Many established artists prefer to present themselves and their work in a gallery or museum. For them, that’s a safe place where everything revolves around their work and how to best present it. The select audience comes there especially to see that work in all peace and quiet. The artist himself – after the opening – is usually no longer no longer present.
Many young artists prefer to present themselves and their work in the ‘cellars’ of art. Spaces where artists experiment and meet each other over a beer to question and confirm each other. And together celebrate their existence as artists.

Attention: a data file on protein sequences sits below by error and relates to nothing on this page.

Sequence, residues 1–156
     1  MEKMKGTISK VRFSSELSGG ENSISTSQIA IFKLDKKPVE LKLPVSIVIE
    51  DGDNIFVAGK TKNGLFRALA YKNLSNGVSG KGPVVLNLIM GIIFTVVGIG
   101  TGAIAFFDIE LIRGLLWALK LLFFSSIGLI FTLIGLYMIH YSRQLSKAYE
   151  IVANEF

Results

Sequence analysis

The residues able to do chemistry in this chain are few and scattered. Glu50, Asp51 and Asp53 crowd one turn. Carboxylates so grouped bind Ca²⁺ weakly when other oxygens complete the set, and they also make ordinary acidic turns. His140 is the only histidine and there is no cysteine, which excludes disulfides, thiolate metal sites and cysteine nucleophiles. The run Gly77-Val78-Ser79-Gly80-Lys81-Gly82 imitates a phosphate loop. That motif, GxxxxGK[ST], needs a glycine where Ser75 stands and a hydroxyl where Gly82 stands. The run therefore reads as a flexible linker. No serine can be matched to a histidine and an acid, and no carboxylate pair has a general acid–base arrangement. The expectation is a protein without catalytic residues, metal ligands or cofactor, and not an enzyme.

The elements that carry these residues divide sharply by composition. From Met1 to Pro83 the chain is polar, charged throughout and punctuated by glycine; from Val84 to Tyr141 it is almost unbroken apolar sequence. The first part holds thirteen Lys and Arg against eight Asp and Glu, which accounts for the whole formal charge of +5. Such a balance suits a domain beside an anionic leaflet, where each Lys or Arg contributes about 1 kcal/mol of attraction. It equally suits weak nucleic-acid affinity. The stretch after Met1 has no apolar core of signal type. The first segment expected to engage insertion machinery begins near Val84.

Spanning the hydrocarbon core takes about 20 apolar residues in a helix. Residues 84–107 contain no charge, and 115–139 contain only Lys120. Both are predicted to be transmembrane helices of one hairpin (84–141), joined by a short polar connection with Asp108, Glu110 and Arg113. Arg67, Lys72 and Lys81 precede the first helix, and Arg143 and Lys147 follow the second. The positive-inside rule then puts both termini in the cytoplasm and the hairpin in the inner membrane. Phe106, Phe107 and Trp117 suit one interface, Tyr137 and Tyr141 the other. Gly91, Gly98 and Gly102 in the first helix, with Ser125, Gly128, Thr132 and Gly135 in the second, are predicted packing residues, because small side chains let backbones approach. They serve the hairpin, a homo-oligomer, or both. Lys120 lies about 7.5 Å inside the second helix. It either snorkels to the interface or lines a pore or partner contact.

Both spaces are almost completely hidden from view by the general public. A large group of people who are potentially interested in art, but never step through the door to the exhibition areas. The threshold is too high and it all looks too chic and distant, or the entrance is too dark and seemingly unwelcome to the uninitiated.
By presenting work by these “young dogs” and established artists in the very accessible setting of a parade, Bosch Parade opens the way for them to that very wide audience. And vice versa.
Something that may be in a new experience for both sides.